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[london] NBC has consolidated its position in the global TV market after disclosing plans to merge the company's international business news TV networks in Europe and Asia with those of Dow Jones & Co.

The move means an end to Dow Jones' European Business News and Asia Business News. The effective date of the merger is Jan. 12.

In the U.S., where Dow Jones does not have a TV network, CNBC will pool its resources with Dow Jones' print media, newswire services and ad sales business.

NBC will be responsible for transmission, distribution, marketing and ad sales.


CNBC's international advertisers gain the opportunity to reach a potential 64 million cable TV homes, including 40 million in the U.S. The new channel will transmit part time on NBC Europe in 56 million homes, and part time to 30 million homes in Asia. The merger in Europe requires European Commission approval.

"All four channels [ABN, EBN, and CNBC Asia and Europe] were young news services losing money. This is to rectify that," said Allan Horlick, president of the existing CNBC Europe and of the new European operation.

He said one reason for retaining the CNBC brand is because the channel is very profitable in the U.S.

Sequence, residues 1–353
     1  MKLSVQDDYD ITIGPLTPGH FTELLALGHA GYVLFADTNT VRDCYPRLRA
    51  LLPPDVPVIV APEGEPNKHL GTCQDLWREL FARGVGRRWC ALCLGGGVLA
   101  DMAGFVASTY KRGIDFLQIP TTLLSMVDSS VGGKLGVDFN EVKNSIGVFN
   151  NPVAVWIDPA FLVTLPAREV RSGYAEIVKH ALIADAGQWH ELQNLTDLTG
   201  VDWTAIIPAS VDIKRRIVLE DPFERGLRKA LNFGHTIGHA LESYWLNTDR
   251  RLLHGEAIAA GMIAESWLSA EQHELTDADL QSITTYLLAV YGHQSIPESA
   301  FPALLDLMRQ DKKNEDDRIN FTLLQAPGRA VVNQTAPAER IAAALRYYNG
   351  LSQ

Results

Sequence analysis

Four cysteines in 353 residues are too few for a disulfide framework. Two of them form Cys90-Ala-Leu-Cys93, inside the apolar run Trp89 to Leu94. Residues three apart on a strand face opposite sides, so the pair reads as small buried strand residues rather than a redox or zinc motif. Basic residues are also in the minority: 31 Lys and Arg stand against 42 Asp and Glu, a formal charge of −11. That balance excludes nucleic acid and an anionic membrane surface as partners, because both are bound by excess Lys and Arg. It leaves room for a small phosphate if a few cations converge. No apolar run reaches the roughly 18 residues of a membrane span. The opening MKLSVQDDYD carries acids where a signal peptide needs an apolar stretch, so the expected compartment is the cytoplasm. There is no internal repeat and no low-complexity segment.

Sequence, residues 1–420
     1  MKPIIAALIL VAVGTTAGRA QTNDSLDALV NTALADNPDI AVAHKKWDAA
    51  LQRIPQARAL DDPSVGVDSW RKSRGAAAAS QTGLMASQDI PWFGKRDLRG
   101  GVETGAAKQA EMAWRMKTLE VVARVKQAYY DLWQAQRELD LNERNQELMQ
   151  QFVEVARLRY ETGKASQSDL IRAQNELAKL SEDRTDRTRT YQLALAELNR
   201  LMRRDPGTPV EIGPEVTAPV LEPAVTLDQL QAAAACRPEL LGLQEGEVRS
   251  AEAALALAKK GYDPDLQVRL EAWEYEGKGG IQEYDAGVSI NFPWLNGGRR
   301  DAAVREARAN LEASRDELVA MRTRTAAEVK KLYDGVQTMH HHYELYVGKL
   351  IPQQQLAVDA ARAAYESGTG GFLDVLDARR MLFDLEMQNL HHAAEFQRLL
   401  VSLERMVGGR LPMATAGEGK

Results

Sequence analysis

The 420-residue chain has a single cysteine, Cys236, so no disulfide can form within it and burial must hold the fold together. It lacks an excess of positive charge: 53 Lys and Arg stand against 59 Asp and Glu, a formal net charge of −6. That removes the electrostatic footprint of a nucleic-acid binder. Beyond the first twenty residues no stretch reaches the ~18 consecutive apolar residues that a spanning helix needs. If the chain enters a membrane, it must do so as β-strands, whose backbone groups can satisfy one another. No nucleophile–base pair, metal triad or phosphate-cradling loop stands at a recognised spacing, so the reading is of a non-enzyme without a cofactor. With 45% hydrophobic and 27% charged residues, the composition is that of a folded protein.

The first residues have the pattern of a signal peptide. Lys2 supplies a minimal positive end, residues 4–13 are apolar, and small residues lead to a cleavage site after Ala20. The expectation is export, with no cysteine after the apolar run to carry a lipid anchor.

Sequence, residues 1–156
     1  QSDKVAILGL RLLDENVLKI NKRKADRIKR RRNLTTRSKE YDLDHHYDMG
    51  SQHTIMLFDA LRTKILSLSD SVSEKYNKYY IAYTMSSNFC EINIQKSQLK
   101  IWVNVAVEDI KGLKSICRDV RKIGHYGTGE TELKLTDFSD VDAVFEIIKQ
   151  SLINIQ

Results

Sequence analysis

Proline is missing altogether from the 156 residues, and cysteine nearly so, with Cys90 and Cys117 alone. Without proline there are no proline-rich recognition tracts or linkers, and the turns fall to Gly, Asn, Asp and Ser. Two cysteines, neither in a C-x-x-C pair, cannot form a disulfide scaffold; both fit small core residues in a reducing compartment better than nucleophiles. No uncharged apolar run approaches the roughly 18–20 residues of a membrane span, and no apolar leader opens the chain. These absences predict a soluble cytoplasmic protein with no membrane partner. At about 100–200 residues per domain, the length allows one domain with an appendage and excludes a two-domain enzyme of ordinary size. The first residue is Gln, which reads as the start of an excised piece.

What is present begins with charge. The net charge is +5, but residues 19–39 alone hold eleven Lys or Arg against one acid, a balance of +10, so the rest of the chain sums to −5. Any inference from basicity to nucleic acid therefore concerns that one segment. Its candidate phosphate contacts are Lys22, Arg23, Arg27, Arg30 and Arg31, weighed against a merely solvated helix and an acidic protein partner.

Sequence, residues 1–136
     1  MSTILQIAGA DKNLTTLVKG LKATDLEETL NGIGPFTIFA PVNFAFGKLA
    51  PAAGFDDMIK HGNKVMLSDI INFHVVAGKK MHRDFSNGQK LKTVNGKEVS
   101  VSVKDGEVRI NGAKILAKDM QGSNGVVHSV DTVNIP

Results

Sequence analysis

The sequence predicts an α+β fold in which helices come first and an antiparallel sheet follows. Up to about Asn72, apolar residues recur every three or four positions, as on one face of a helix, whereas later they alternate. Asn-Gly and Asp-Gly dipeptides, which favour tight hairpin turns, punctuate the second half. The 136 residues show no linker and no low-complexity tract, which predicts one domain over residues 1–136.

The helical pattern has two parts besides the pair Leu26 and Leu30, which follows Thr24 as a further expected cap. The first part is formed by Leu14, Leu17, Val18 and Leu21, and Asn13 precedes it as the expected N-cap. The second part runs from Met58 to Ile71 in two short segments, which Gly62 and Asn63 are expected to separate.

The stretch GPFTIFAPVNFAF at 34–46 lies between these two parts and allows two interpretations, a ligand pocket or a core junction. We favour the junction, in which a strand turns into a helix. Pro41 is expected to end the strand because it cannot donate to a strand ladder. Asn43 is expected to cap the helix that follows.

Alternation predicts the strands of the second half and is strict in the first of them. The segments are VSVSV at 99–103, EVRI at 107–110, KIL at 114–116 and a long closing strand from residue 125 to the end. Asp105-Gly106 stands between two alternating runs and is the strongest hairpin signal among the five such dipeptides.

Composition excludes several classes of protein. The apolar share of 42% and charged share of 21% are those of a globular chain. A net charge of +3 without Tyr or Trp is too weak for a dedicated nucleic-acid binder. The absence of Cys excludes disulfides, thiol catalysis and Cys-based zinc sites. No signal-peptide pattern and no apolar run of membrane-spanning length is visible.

"CNBC is recognized as a strong brand. And we can now deal with advertisers with growing media plans," he said.


Through the new CNBC, NBC can offer international advertisers multimedia packages in Europe, Asia and the U.S., because the partnership with Dow Jones gives the advertisers access to Dow Jones' print brands, including The Wall Street Journal's regional editions.

Additionally, advertisers will be offered space on MSNBC, the Internet service jointly owned by NBC and Microsoft Corp., and in which Dow Jones has now taken a small stake.

Dow Jones' role in the revamped venture will be as content provider, having licensed to CNBC the worldwide rights to its editorial material. That includes video links to the offices of Dow Jones' 1,650-plus editors and reporters.

"We're content providers, not broadcasters," said Philip Revzin, Brussels-based editor and publisher of The Wall Street Journal Europe. "Rather than trying to create three channels [in Europe, Asia and the U.S.], we linked up."

The fate of current advertisers on EBN, ABN, and CNBC Asia and Europe was not

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